Teachers are being urged to do more to support pupils with strong religious beliefs, who can feel isolated and confused, and even become victims of bullying as a result of their faith.
Creating a culture where faith is openly discussed can help to reduce feelings of alienation, according to psychologists. Lisa Oakley, a senior lecturer at Manchester Metropolitan University specialising in spiritual abuse, said that children with strong religious beliefs often felt isolated from their peers.
"At one point, most people in this country had some kind of faith and it was quite normal for children to talk about their views, but we're not there any more," she said. "Often children feel like they're part of the `other' group; they're misunderstood and they can't share their faith. It can affect children's emotional development if they feel there is a significant part of themselves they cannot share."
The call comes as a prize-winning film examining the impact of fundamentalist religion on impressionable young people is out in cinemas. Stations of the Cross depicts the struggles of 14-year-old Maria, who is attempting to reconcile religious belief with life in a secular society.
In a pivotal scene, Maria refuses to take part in a PE class set to "demonic" music. Her refusal is met with bewilderment by her teacher and bullying taunts from her classmates.
Such scenarios - where faith prevented young people from conforming to the behaviour of their peers - were a common source of isolation, Dr Oakley said. "If you are a teenager and you don't agree with drinking, or you have decided not to have sex until you have got married, that may not be something you feel you can talk about," she explained. "There is a lot of self-monitoring that goes on and inevitably some bullying."
Michael Hymans, an educational psychologist and former teacher, said schools needed to be aware of issues arising from children's faith, especially during secondary education when teenagers were struggling with their identities.
"There is a risk factor if a highly religious adolescent goes into a school that doesn't have a religious ethos," he said.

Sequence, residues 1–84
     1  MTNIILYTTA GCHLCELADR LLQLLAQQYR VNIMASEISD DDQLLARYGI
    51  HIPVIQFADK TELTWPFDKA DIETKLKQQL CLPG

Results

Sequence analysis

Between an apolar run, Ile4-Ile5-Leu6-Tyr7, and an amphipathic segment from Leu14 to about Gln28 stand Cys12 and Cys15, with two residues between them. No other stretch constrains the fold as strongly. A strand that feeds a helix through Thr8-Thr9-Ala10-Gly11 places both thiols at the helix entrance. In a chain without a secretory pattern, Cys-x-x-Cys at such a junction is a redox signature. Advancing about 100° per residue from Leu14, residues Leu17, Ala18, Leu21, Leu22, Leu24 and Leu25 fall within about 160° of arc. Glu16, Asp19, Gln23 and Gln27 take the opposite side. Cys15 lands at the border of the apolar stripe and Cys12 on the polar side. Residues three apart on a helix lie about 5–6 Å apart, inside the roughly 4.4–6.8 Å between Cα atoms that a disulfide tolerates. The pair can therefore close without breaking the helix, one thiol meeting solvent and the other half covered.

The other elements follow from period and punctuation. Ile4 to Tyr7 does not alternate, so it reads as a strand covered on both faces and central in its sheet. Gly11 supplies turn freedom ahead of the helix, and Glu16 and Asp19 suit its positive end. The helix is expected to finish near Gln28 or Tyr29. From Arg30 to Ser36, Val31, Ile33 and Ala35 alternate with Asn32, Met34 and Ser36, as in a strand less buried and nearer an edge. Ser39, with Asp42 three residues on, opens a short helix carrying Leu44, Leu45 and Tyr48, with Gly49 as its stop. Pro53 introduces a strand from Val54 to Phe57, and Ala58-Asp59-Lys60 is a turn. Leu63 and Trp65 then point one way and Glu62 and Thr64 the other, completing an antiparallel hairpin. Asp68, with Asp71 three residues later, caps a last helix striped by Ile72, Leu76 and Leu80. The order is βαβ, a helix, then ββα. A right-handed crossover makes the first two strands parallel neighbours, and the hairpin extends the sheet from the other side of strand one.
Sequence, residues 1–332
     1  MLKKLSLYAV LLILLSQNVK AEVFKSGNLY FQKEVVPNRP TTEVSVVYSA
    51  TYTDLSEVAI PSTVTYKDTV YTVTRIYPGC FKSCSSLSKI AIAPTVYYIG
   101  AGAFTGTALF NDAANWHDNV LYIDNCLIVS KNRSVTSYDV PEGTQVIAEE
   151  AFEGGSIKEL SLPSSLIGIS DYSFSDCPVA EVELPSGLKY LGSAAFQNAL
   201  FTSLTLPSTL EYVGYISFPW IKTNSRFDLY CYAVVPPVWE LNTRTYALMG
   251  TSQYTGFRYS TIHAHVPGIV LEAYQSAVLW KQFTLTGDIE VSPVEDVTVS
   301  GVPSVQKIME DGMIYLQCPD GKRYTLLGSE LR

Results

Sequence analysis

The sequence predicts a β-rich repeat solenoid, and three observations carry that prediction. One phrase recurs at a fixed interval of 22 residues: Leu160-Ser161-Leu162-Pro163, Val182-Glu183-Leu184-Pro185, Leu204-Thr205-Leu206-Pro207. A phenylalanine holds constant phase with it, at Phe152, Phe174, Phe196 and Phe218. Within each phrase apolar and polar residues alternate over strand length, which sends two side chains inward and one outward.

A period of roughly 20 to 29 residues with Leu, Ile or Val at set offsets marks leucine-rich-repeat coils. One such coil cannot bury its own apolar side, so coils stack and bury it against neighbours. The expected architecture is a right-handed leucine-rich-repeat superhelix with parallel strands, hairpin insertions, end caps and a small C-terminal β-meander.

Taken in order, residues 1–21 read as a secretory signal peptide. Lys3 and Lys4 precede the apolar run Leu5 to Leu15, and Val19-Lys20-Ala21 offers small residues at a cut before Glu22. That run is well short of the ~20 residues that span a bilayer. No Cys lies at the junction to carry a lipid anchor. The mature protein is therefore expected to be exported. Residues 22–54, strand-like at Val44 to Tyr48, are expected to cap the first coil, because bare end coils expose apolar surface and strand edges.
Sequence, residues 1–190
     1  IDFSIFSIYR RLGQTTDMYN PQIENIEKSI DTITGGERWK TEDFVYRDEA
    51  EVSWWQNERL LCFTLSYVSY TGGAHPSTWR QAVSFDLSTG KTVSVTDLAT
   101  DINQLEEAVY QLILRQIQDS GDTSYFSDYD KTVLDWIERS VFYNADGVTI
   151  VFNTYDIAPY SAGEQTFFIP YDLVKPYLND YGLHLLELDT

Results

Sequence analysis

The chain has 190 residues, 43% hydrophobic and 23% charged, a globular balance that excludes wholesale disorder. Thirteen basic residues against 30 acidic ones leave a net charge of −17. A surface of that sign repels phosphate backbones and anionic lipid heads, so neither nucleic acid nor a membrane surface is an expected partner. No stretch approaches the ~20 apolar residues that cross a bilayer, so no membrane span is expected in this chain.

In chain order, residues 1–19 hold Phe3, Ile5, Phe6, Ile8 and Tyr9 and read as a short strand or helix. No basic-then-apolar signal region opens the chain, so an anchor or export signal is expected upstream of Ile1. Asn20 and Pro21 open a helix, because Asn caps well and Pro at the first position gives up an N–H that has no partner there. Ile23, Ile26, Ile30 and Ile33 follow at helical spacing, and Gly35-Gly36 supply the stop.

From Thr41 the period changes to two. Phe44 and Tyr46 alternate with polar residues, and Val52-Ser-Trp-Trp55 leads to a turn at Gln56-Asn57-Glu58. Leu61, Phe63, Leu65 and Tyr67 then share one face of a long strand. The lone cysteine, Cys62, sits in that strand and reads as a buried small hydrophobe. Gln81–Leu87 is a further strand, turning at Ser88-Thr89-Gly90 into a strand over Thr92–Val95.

Children whose beliefs were different from those of the majority were vulnerable to bullying and schools needed to deal with it in the same way as any other incident, he added.
"It is about creating an ethos where you value diversity, and teachers need to get the message across that just because someone has different beliefs it doesn't mean they should be victimised," Dr Hymans said.
Schools are under increasing pressure to advocate religious tolerance. Those involved in the alleged "Trojan Horse" plot in Birmingham were strongly criticised for promoting a narrow Islamist ethos.
Changes to GCSE RE, meanwhile, will ensure that all students, even in faith schools, will have to study at least two religions in depth for the first time.
Although some schools were good at allowing pupils to talk about their faith, others should do more to foster a culture where it was OK to ask questions, Dr Oakley said.
"We need to create an atmosphere of openness where children can talk and it is all right for them to disagree about what they believe," she said. "It is about not being afraid to discuss it and teaching that we all deserve self-respect and helping people understand that having a faith can be a very positive thing."
`There is always a gap you can't bridge'
Stations of the Cross was awarded the Silver Bear for best script at this year's Berlin International Film Festival. Its director Dietrich Brggemann says the story was inspired by his own family, who were part of a fundamentalist Roman Catholic society.
"You develop a two-faced personality: at home your family buys into this whole set of beliefs where you are the chosen few, but outside you need to blend in," he explains. "You learn not to talk about religion in the outside world and automatically you don't get that close to your friends.
"There is always a gap you can't bridge."